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Why We Let Go of Petty Bickerings and Jealousies

Petty bickerings and jealousies make one lose all the traces of spirituality, excommunicate a person from the divine company of the worthy ones, submerge one in the sea of phantasms, suffer one to become cold and pessimistic and throw him headlong into the depths of despair and helplessness! (Abdu’l-Baha, “Star of the West,” Vol. V, No. 1, p. 6)

Wow, this is such a clear warning about all the reasons to let go of our bickering and jealousy:

  • makes us lose all traces of spirituality
  • excommunicates us from the divine company of the worthy ones
  • submerges us in the sea of phantasms (delusions, fantasies, figments of imagination)
  • suffers us to become cold and pessimistic
  • throws us headlong into the depths of despair and helplessness

It’s interesting that bickering and jealousy are paired together here.  In my mind, bickering goes on externally between me and someone else, where jealousy goes on inside my head, and yet both have the same results.

I often find myself jealous of those who are married, have careers and contact with adult children and grandchildren.  According to this quote, I can see that I lose all traces of spirituality by feeling sorry for myself.  I excommunicate myself when I isolate and separate myself from those I envy, not wanting to experience the feelings of “less than” or be pitied.  Focusing on what I don’t have keeps me from being grateful for all that I do have, and from developing a relationship with God as my primary relationship, keeping me from achieving my purpose in life.  When I look ahead and see only more of the same, I definitely become pessimistic and thrown into the depths of despair and helplessness.

Knowing all of this gives me a great motivation to let go of bickering and jealousy and I am grateful!

What jumped out for you as you read through today’s meditation?  I’d love it if you would share so we can all expand our knowledge of the Writings!

If you liked this meditation, you might also like my book Letting Go of Criticizing Others

 

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The Beauty of Diversity 

Thus should it be among the children of men! The diversity in the human family should be the cause of love and harmony, as it is in music where many different notes blend together in the making of a perfect chord. If you meet those of different race and colour from yourself, do not mistrust them and withdraw yourself into your shell of conventionality, but rather be glad and show them kindness. Think of them as different coloured roses growing in the beautiful garden of humanity, and rejoice to be among them . . . (‘Abdu’l-Bahá, Paris Talks, pp. 53-54)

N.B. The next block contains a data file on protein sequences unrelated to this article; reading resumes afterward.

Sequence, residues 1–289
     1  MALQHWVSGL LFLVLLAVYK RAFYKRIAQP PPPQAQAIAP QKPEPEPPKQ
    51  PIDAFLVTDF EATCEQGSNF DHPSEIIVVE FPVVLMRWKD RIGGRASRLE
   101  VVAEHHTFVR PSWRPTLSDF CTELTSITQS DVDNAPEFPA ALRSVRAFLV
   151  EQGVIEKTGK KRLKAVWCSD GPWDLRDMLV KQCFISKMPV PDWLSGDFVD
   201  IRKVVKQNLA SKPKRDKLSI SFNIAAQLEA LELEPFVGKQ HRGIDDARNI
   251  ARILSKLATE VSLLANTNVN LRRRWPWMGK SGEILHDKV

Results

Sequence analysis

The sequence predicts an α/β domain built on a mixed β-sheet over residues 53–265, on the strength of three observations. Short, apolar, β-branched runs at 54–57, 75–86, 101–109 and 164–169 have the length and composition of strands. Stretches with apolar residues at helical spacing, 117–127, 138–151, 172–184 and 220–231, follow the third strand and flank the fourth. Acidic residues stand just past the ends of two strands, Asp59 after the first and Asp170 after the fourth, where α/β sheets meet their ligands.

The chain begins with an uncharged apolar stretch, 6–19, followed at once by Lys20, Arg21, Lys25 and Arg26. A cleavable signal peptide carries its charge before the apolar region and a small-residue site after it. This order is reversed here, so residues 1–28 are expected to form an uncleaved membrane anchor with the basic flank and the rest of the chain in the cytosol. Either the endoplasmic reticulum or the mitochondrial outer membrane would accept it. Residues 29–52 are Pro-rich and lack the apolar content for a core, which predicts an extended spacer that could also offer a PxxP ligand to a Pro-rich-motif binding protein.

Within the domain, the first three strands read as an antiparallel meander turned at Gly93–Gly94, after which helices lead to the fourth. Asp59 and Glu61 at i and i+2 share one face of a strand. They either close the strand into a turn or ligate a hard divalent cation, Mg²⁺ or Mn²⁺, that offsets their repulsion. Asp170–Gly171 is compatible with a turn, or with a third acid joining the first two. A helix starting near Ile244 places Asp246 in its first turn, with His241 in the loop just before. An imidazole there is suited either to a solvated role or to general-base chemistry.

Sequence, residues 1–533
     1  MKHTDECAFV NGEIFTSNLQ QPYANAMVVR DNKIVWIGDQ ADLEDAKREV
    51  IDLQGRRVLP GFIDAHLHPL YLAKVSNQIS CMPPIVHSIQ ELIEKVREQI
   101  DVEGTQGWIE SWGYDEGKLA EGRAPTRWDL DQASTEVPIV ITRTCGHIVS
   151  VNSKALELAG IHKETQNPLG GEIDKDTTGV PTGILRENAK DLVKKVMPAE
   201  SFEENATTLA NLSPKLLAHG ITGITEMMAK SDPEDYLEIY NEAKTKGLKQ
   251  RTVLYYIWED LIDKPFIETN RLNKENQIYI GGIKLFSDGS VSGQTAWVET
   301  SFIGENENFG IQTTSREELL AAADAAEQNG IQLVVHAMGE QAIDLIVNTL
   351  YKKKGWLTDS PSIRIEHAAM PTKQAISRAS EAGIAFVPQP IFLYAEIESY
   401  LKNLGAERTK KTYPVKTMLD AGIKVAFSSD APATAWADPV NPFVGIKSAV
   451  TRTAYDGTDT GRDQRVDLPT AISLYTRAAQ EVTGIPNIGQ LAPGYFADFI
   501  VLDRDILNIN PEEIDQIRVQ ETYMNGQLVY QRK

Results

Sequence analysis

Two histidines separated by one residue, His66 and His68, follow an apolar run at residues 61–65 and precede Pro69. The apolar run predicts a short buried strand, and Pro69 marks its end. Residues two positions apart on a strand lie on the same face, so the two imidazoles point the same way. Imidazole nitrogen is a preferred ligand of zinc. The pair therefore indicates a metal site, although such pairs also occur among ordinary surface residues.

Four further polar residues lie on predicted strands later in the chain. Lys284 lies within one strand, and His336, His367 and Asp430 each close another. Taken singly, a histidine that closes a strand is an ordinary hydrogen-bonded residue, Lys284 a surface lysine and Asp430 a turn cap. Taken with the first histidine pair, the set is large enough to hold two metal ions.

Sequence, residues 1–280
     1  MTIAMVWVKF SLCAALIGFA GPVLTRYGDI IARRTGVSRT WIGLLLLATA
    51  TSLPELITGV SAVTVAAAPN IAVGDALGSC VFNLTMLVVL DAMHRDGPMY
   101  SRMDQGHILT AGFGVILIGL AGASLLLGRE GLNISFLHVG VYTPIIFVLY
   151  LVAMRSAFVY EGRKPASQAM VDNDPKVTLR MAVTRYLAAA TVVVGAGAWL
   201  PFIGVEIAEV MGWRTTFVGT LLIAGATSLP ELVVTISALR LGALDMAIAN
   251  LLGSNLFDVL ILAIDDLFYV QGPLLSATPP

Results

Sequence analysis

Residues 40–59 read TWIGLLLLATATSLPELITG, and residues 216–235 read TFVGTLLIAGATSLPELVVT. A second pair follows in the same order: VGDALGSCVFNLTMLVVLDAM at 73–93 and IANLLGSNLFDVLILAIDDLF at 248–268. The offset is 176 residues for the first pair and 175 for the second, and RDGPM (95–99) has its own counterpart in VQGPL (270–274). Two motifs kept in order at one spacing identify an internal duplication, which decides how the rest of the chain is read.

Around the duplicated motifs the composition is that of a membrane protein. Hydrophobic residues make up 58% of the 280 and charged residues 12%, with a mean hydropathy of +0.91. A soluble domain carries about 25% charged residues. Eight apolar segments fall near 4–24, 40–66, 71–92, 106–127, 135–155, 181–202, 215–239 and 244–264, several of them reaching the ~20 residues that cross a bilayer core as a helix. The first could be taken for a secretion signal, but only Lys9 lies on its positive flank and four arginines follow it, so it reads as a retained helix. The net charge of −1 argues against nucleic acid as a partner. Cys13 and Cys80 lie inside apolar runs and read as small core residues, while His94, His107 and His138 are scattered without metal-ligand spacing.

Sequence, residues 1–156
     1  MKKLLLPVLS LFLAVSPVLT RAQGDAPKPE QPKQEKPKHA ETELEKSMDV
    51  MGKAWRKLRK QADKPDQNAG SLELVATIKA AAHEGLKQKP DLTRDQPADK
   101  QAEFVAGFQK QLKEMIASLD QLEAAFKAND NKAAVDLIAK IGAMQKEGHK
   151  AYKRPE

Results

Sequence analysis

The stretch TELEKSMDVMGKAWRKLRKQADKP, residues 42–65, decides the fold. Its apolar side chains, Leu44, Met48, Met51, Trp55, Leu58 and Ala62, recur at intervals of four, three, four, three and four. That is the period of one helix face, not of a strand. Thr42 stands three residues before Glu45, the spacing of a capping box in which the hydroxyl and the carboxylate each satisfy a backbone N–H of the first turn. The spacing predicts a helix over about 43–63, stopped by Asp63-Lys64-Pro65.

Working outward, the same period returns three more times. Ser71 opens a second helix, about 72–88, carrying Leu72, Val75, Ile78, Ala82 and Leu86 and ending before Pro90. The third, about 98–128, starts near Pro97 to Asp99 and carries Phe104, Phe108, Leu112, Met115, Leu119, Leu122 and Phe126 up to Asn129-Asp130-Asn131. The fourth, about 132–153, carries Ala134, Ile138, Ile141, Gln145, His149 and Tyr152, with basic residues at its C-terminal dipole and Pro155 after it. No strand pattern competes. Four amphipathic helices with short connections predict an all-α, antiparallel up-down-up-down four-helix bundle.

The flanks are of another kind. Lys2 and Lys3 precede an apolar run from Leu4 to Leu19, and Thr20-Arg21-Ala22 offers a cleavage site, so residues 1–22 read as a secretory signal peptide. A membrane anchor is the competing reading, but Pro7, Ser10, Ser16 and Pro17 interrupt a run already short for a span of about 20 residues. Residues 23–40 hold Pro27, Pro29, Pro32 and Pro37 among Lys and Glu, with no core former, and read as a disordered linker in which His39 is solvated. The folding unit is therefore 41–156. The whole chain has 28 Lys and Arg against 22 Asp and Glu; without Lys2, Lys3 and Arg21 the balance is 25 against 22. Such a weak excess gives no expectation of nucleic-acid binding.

This quote seems to be whole crux of the Bahá’í Writings, where Bahá’u’lláh’s goal is to unite all of mankind.  When we truly understand this self-evident truth, we will recognize our oneness.  I often wonder why this is so difficult to understand.  We love different colours and shapes in a garden.  We love the many different species of plants and animals.  We love a variety of textures and tastes in our food.  We love a variety of notes in music, so why is it so difficult to see different coloured human beings as different?  Why do we feel suspicion and mistrust?  Why, even in multicultural cities, do we withdraw and hang out with our own “kind”?

It’s easy for me to get caught up in questions like this and spiral into hopeless, helpless despair.  Fortunately statistics can help pull me out of this funk.  Slowly, we are moving towards Bahá’u’lláh’s great vision. Thanks to ‘Abdu’l-Bahá’s encouragement of the marriage of Hand of the Cause Louis Gregory, (an African-American man) and Louisa Mathews, (a white British woman) in 1912, interracial marriage is much more common today than ever before.  Even though the ban on interracial marriage didn’t end in the US until 1967, many advances have been made since then.  Today, 17% of married couples today are interracial.  Just a little more than 25 years ago, 63% of nonblack adults opposed interracial marriage. Today, that number is only 14%.[1]

By 2043, the Census Bureau predicts that the United States will become a “majority-minority” country[2], in which no racial group makes up more than half of the population.  As we move closer to a majority-minority status, people of different races will interact more frequently.  Please God, let this end the legacy of discrimination.

Knowing that as the world gets smaller, people are embracing cultural differences in many ways, I am grateful!

What jumped out for you as you read through today’s meditation?  I’d love it if you would share so we can all expand our knowledge of the Writings!

If you liked this meditation, you might also like my book Letting Go of Criticizing Others

 

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[1] https://www.creditdonkey.com/interracial-marriage-statistics.html

[2] https://www.huffingtonpost.ca/2015/05/07/majority-minority-america_n_7205688.html

How to Make Everyone Your Friend  

Do not allow difference of opinion, or diversity of thought to separate you from your fellow men, or to be the cause of dispute, hatred and strife in your hearts. Rather, search diligently for the truth and make all men your friends.  (‘Abdu’l-Bahá, Paris Talks, pp. 53-54)

Recently the police have made many visits to our apartment building to deal with issues such as domestic disturbance, disturbing the peace, drug dealing and harboring criminals.  On one occasion, there was even an entire SWAT team securing our building while they were making an arrest.  All of these situations were at my previously quiet end of the hallway.  It’s been very distressing and even triggering old childhood trauma, where I didn’t feel safe in my house.  I found myself judging these neighbours harshly and insisting the landlord take action to have them evicted.  A social worker representing the landlord took me aside and quietly encouraged me to get to know them as people, instead of seeing only their faults and problems and how they were impacting me.  Two other tenants told me the same thing.

Ouch!  I’m the Bahá’í, a homefront pioneer, representing the Faith in this post.  I’m the one who should be remembering this and helping my neighbors remember it too.  It was a hard pill to swallow.

Knowing that I have this quote to memorize and put into action, I am grateful!